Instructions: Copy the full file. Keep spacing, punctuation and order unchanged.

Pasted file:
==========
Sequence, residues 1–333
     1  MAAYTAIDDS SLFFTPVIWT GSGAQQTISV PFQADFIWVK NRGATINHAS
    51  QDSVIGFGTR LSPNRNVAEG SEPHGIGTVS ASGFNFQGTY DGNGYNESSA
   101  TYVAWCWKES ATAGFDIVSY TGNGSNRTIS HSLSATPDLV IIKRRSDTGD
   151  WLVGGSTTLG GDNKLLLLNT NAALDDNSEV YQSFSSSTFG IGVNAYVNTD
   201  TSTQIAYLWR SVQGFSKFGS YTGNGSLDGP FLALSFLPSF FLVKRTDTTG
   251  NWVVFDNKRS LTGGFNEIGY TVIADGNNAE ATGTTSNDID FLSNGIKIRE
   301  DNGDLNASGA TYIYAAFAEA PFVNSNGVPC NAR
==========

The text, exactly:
Sequence, residues 1–333
     1  MAAYTAIDDS SLFFTPVIWT GSGAQQTISV PFQADFIWVK NRGATINHAS
    51  QDSVIGFGTR LSPNRNVAEG SEPHGIGTVS ASGFNFQGTY DGNGYNESSA
   101  TYVAWCWKES ATAGFDIVSY TGNGSNRTIS HSLSATPDLV IIKRRSDTGD
   151  WLVGGSTTLG GDNKLLLLNT NAALDDNSEV YQSFSSSTFG IGVNAYVNTD
   201  TSTQIAYLWR SVQGFSKFGS YTGNGSLDGP FLALSFLPSF FLVKRTDTTG
   251  NWVVFDNKRS LTGGFNEIGY TVIADGNNAE ATGTTSNDID FLSNGIKIRE
   301  DNGDLNASGA TYIYAAFAEA PFVNSNGVPC NAR